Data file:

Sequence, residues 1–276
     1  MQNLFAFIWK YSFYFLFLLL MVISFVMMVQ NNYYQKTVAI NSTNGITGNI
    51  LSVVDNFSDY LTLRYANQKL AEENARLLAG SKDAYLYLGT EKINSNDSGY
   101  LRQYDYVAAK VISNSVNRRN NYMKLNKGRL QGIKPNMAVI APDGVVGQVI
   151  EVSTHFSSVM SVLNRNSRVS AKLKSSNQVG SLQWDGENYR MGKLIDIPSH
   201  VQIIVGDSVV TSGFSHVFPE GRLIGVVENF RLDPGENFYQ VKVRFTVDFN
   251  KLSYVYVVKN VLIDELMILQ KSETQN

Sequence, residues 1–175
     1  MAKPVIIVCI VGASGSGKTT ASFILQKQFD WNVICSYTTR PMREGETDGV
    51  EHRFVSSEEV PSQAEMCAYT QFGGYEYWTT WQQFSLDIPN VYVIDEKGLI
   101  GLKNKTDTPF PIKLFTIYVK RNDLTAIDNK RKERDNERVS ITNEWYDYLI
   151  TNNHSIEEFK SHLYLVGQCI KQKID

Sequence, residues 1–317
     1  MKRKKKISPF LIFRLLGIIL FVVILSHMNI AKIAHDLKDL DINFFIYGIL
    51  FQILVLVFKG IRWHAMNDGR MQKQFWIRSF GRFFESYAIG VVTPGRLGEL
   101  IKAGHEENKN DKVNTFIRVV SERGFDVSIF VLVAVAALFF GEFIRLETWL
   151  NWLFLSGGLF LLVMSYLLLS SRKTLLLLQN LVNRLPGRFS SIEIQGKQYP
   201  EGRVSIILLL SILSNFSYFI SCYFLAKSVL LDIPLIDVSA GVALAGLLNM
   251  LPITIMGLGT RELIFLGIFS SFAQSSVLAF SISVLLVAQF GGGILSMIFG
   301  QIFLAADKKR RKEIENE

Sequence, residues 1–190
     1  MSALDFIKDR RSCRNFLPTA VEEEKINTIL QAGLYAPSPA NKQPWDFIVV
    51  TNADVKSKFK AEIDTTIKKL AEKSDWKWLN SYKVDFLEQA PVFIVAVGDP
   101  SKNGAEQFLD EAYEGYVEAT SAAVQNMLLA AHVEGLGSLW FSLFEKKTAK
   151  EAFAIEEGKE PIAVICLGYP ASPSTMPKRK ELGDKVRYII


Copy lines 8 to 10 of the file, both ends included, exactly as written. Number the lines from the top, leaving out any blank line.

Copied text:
Sequence, residues 1–175
     1  MAKPVIIVCI VGASGSGKTT ASFILQKQFD WNVICSYTTR PMREGETDGV
    51  EHRFVSSEEV PSQAEMCAYT QFGGYEYWTT WQQFSLDIPN VYVIDEKGLI